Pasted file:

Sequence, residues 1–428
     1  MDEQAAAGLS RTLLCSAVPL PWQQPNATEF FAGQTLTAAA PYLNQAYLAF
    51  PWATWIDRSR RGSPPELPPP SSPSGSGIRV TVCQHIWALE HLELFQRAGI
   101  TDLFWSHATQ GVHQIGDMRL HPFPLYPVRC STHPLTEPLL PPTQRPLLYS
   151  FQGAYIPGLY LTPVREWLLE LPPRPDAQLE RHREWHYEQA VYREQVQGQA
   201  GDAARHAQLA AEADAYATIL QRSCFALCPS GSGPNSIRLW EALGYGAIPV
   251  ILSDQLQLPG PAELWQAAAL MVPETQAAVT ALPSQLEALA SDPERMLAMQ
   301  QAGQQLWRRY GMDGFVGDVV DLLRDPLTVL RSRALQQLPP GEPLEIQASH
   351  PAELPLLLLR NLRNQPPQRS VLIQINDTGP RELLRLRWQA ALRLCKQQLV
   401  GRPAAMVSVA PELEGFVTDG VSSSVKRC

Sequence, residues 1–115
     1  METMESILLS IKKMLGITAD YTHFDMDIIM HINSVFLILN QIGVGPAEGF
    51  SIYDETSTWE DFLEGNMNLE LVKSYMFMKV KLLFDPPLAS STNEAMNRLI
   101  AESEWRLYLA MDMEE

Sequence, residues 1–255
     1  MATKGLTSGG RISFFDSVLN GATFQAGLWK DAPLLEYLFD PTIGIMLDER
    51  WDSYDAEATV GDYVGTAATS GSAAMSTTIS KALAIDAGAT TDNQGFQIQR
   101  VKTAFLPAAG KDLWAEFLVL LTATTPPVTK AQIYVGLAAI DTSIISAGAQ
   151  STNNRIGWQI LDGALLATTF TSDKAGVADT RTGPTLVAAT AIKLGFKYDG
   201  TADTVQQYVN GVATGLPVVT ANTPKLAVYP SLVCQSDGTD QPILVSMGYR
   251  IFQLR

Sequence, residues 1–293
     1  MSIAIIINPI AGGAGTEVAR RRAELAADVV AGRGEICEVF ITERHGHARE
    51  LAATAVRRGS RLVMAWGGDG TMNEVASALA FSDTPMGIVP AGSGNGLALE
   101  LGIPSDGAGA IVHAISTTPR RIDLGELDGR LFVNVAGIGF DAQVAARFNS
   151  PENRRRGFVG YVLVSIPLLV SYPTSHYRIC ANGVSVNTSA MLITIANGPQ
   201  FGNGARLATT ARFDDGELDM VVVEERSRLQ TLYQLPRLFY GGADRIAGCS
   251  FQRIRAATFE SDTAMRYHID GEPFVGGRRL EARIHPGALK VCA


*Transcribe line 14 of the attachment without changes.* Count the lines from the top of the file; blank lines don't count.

   101  AESEWRLYLA MDMEE